Wall Street - Reuters / Caitlin Ochs

Is the U.S. Really the Most Liquid Market in the World?

Phil Mackintosh
Phil Mackintosh Nasdaq Chief Economist

Here in the United States, people frequently boast about how the U.S. is the cheapest, most liquid equity market to trade in the world. With stocks trading around $362 billion each day, more than four times the liquidity of Europe combined – and TCA data from Virtu showing buy-side costs are lowest – it seems to be true.

However, is it fair to compare the roughly 6,000 companies listed in the U.S. markets to the almost 900 companies listed in France? Is it even fair to compare trading in Apple to Nokia?

Today, we look at global liquidity, comparing trading in select countries to the U.S. market. The results are interesting.

Chart 1: Trading value and Turnover by region


Chart 1

Even in the U.S., it’s not fair to compare AAPL to AAL

First, even if we look at U.S. listings, we see that (generally) larger companies trade more value than smaller companies. That makes sense. By definition, they have more dollars invested.

For example, we can see from the data in Chart 2 that at the end of 2023:

  • AAPL was the largest U.S. company, with a market capitalization of around $3 trillion. It traded around $10 billion each day.
  • AAL, a company with a market capitalization of about $9.5 billion, trades just $396 million per day.

That makes it seem like Apple is far more “liquid” and, therefore, easier for investors to trade.

Chart 2: Comparing U.S. notional trade each day to a company’s market capitalization


Chart 2

However, if we plot the value traded vs. market capitalization (above), we see that the dots form a diagonal line. The trendline shows that the ratio of trading to market capitalization (company size) is fairly consistent across all company sizes. It’s something we’ve looked at before – and we call “turnover” in this study. That’s because it’s similar to how companies think of inventory turnover – how many times each year does each share in the company trade?

Importantly, it’s also more comparable to how most investors “size” trades, too, as index weights tend to define how much of a stock each fund should own.

If we calculate the turnover of Apple and AAL, we see their “liquidity” (adjusted for size) is actually much closer:

  • That means, over the course of a year, AAPL trades around $2.5 trillion. Said another way, the total market cap of AAPL trades around 0.82x times each year.
  • Meanwhile, AAL, despite much lower notional “liquidity,” has a turnover of around 10.05x times each year.

In fact, some might argue AAL is a more liquid stock (after adjusting for size). This makes turnover a better way to compare stock trading activity.

Comparing the U.S. to some other countries

Knowing this, we now look at how this works in some other countries. The data in Chart 3 shows a few interesting differences:

  • The U.S. clearly has the largest companies (with more dots on the right-most side of each chart). Those dots are also higher, which boosts the U.S. market’s value traded.
  • Japan, for the size of its economy, has a high number of listings (around 4,000). However, the data shows it has a heavy concentration in micro-cap companies.
  • In contrast, China has almost no microcap companies that fall into our screen for listed market cap, with just a few below $100 million.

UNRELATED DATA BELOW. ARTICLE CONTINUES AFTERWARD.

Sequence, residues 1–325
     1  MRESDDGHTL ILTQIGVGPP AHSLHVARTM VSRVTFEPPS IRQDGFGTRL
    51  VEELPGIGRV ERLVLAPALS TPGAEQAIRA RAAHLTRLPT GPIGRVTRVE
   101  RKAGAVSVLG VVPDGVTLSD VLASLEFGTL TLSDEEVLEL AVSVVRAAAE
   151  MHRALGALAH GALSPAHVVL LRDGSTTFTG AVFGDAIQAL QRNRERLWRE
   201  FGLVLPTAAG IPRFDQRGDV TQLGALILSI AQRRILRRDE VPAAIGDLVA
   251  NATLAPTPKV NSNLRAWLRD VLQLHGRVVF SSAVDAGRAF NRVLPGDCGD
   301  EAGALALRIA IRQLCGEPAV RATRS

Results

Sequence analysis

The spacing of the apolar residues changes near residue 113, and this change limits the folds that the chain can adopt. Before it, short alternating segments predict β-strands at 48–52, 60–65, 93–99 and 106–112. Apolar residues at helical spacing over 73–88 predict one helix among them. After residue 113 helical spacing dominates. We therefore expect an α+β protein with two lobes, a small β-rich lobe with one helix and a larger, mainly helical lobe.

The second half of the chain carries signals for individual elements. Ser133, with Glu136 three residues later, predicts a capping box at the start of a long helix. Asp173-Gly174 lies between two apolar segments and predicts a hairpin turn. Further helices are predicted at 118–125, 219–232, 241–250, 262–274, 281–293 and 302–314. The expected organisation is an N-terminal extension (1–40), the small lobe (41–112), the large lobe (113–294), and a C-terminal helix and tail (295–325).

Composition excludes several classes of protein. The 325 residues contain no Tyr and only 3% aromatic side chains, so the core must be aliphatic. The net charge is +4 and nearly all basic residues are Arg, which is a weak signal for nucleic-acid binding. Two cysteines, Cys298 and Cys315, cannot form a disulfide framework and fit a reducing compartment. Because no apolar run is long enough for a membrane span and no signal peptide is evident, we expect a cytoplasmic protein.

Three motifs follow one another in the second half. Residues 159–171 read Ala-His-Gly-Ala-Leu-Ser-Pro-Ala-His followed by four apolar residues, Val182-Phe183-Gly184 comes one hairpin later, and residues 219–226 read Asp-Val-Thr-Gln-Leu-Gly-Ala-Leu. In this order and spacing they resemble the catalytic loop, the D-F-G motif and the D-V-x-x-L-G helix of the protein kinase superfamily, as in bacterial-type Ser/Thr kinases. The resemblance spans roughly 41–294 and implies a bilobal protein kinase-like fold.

• The distribution of turnover for Korea and China is skewed positively, with many more companies well above their national trendline than for the U.S. and especially Japan.
  • The dashed lines in the middle of each chart show the averages for each country and how different they are.

Chart 3: Comparing trading and market cap for four significant stock markets


Chart 3

Comparing turnover of the U.S. with other countries

Now we’ve shown that turnover is a better way to compare trading liquidity across different-sized countries, we compare turnover for each stock by country in Chart 4 (below), where:

  • Countries are ranked by total value traded.
  • Each stock is a dot, with turnover on the vertical axis (on a log scale, so each increment higher is the same multiple increase).
  • The boxes show where the “middle half” of all dots fall (and the median for each country is the line in the middle of the box).
  • The whiskers (high and low lines) cover around 90% of all dots. For every country, there are more dots above the upper whisker than below the bottom, showing some “very liquid” outliers exist in each country.
  • That also means “average turnover” would be much higher than most medians.

This seems to show that, although the U.S. trades the most value of all countries in the world, it isn’t a leader on other metrics.

In fact, countries like China and South Korea seem to have consistently higher turnover than the U.S. Interestingly, one thing all three of these countries have in common is reportedly high retail participation in their stock markets.

Chart 4: Comparing turnover across countries


Chart 4

Turnover isn’t as different as you might think

Liquidity is one of the important factors keeping trading costs and costs of capital low. That’s important for companies and investors.

However, comparing companies adjusted for size allows for more fair comparisons of liquidity. That’s important to the debates around just how good the U.S. market structure really is. We all need to remember that liquidity is one reason why the U.S. has low costs of capital, something keeping the U.S. market attractive to companies from all over the world.

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